After years of dogged negotiations, India and Pakistan agreed at the SAARC summit in New Delhi May 4th to slightly reduce tariffs on a small number of importable items from each other. Today, however, Pakistanis are so outraged by the Indian army’s destruction of the five hundred year old Muslim shrine of Charar Sharif in Kashmir that the Pakistan government is under pressure to ban all trade with India. Such is the stuff of Indo-Pak enmity.
Since 1989, when the Kashmiris revolted against India, Indo-Pak relations have been bad. The destruction of the Babri masjid by Hindu fanatics made matters worse. The Charar Sharif incident has aroused passions all over again. With India threatening war, Pakistan has put its forces on alert and some people are urging the government to test a nuclear device and put an atomic bomb on the shelf to deter New Delhi.
Despite Charar Sharif, however, Mr Narasimha Rao is still talking about elections in Kashmir next month. This plan won’t work. Kashmiri leaders, some of whom may have previously thought of supporting the electoral process, have now unanimously denounced the proposed exercise. This pleases Pakistan because it is opposed to the idea of elections in Kashmir as long as 500,000 Indian troops remain there and the UN resolutions are ignored.
Having been denounced at home and abroad for “mishandling” the situation, Mr Rao now seems to be in a less aggressive mood than he was a week ago. India’s foreign secretary Mr Pranab Mukherjee has made a conciliatory statement saying that India is prepared to initiate “confidence building measures” with Pakistan by holding a dialogue with it on all disputes, including Kashmir. But Islamabad thinks it has India over a barrel and is in no mood to forgive and forget. Its argument is that unless the ‘core’ dispute over Kashmir is first settled, no confidence-building measure can hope to succeed in removing hostilities and reducing tensions between the two countries.
In the last four decades India Pakistan have fought three wars and come close to conflict on two occasions. Sporadic skirmishes have continued in the Himalayan region of Siachin since the mid-1980s. Pakistan spends over 6 per cent of its GNP on defense every year and India about 3 per cent. The fact that both are undeclared nuclear powers worries everyone.
Deep-rooted hostilities and fears exist on both sides. Pakistanis believe that India has never reconciled to the “two-nation theory” which led to the partition of the sub-continent in 1947 along Hindu-Muslim lines. India, in turn, argues that Pakistan has not given up dreams of wrenching Kashmir by force. Both sides accuse each other of fomenting terrorist strife in the other country.
A sincere and realistic attempt to break this impasse has been lacking on both sides. Although the 1972 Simla Pact committed both sides to resolving issues bilaterally, it wasn’t until the mid-1980s that a Joint Commission to review problems was set up and led to some relaxation of restrictions on trade and travel, cut off since the war in 1965.
When Benazir Bhutto and Rajiv Gandhi were prime ministers of Pakistan and India respectively in 1989, the prospects for amity seemed to brighten. During Mr Gandhi’s trip to Pakistan that year, the two leaders agreed on a formula to settle the Siachin conflict. They also signed a cultural and trade protocol to enhance cooperation. But both issues were shelved after Mr Gandhi was pressurised by the Indian establishment to backtrack on Siachin.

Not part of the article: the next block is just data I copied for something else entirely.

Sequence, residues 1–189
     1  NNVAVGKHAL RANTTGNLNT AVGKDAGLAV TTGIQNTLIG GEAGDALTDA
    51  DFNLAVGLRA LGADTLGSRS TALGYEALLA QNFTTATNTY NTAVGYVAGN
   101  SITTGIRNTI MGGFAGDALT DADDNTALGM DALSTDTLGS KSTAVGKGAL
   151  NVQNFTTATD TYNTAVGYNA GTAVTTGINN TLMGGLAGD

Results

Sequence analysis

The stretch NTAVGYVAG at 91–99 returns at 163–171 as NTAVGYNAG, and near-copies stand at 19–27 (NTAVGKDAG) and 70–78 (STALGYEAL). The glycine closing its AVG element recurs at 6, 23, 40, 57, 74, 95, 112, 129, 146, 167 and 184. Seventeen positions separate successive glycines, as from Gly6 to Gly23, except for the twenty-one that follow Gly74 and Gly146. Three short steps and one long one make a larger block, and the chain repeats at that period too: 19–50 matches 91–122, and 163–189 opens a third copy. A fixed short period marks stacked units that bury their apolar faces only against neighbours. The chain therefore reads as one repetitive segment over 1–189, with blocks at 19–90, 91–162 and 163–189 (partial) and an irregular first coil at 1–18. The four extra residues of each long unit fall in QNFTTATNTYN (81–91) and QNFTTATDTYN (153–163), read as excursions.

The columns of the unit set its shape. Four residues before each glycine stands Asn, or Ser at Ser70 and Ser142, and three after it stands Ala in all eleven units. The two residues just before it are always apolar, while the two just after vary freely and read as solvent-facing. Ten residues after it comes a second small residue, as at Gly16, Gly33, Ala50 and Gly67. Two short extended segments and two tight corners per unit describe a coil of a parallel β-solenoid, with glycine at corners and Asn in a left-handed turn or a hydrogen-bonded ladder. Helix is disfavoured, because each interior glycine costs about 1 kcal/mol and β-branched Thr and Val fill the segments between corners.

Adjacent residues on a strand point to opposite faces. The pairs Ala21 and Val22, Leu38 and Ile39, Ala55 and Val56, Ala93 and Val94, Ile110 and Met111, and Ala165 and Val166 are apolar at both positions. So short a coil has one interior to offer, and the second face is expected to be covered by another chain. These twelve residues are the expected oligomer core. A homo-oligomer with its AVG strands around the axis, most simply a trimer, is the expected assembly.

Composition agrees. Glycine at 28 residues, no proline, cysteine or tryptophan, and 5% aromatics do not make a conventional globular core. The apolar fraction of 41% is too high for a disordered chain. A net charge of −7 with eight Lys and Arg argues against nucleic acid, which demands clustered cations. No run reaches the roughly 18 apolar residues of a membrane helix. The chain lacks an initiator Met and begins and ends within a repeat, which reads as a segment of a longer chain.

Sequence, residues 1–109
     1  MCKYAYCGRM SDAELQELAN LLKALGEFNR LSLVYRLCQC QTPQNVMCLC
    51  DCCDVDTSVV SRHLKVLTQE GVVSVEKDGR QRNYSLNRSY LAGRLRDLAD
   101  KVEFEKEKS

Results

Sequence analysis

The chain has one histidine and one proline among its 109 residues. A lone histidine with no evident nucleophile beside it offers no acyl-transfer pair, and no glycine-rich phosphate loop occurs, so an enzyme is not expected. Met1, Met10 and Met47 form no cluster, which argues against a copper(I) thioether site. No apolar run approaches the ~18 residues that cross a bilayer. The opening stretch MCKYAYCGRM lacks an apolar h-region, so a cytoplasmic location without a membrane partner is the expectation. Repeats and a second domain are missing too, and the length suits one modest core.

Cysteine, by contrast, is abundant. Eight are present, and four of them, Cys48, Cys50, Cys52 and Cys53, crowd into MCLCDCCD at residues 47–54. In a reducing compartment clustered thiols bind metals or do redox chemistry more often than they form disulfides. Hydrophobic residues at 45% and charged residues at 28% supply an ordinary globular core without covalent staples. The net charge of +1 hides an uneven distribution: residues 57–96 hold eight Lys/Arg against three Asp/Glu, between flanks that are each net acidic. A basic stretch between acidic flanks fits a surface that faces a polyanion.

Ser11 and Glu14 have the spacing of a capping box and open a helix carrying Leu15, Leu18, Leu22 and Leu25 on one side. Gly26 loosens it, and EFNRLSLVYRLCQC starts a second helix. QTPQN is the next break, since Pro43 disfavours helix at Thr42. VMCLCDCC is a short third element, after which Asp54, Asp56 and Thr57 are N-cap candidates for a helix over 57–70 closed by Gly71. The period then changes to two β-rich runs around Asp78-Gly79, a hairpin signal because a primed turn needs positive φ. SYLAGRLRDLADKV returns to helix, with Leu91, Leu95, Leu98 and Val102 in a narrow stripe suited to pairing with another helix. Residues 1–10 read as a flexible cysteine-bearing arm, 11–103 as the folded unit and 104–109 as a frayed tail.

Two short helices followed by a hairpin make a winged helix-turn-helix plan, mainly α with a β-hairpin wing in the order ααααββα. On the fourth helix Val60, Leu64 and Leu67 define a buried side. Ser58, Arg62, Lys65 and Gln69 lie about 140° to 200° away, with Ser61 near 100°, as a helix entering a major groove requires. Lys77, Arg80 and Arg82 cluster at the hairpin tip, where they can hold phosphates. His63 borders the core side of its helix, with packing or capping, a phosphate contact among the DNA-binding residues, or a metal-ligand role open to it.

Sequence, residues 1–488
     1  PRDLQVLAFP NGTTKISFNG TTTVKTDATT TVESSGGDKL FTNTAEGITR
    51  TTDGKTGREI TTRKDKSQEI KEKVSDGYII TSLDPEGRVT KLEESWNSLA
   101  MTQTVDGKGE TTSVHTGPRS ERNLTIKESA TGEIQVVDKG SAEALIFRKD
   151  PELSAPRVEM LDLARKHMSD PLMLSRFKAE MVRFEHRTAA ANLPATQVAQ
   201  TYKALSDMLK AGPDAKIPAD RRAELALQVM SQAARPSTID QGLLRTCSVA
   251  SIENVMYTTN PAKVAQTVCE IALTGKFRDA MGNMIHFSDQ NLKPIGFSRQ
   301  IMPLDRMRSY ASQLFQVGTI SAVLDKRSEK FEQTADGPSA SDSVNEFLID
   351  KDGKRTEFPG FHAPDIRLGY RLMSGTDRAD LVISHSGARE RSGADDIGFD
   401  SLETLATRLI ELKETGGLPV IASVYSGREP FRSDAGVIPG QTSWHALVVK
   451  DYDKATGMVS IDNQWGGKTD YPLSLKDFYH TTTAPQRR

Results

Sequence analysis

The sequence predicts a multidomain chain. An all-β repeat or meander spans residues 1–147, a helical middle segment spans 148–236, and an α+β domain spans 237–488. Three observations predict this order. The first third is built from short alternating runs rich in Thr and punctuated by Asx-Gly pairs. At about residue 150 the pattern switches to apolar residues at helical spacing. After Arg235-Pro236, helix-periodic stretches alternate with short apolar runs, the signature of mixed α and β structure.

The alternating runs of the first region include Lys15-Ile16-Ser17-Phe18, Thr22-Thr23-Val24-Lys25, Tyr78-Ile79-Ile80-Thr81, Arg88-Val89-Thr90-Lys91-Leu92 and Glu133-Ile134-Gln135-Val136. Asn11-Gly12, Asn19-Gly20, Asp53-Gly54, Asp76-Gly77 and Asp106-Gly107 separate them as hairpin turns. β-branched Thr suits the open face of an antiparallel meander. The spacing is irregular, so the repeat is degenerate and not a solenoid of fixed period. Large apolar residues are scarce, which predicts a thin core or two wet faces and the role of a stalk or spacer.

The revolt in Kashmir in late 1989 altered the situation dramatically by reopening old wounds. Ms Bhutto succumbed to rising domestic passions by accusing India of widespread repression in Kashmir. India responded by accusing Pakistan of running training camps for Kashmiri militants. Within months, both countries had inched towards a military conflict.
Worried, Washington despatched Mr Robert Gates, Undersecretary of State for Far Eastern Affairs (later head of the CIA), to Islamabad and New Delhi. His mission: cool tempers on both sides by initiating a series of confidence building measures (CBMs). Mr Gates proposed a two track approach — Track One for reducing the risk of accidental or premeditated war by opening lines of communication between the military on both sides and Track Two to promote an “unofficial dialogue” between the two sides in order to create better understanding of each other’s fears and concerns.
India tabled a CBM package in May 1990. It contained the following suggestions: “sharing of information regarding military exercises, communications between military commanders (hot line), joint border patrolling, an MOU on prevention of violation of airspace by military aircraft, exchange of armed forces delegations, prevention of acts detrimental to the maintenance of peaceful and harmonious relations, non-interference in each others’ internal affairs and reiteration of a common resolve to abide by the Simla Agreement”.
Pakistan’s response was less than enthusiastic. The absence of any reference to a solution on Kashmir or to the deployment of military forces to peace time locations in Siachin was unacceptable to Islamabad. India was not prepared to accept the Pakistani solution of stationing UN personnel along the disputed Kashmir border. Pakistan remained opposed to the exchange of military delegations because that would “create a false sense of bonhomie”. It sought third-party mediation to resolve the Kashmir dispute, a demand India has consistently rejected because it does not want to “internationalise” the issue.
Pakistan’s argument is that the Indian proposals do not eliminate the threat of war by design or create more positive conditions for peace. It wants a discussion with India over a nuclear-weapons free zone in South Asia, a regional nuclear test ban treaty, mutual inspection of nuclear facilities, adherence to the NPT and a joint declaration renouncing the nuclear weapons option. India rejects this approach, partly because it perceives a “threat” from China and partly because it considers the NPT to be “globally iniquitous”.
Nonetheless, some progress has since been made. Both sides now give advance notice for military manoeuvres and exercises, a Hot Line between opposite military commanders is in place, airspace violations have ceased, a treaty banning the manufacture and use of chemical weapons now exists and lists have been exchanged of each others’ nuclear facilities to increase transparency.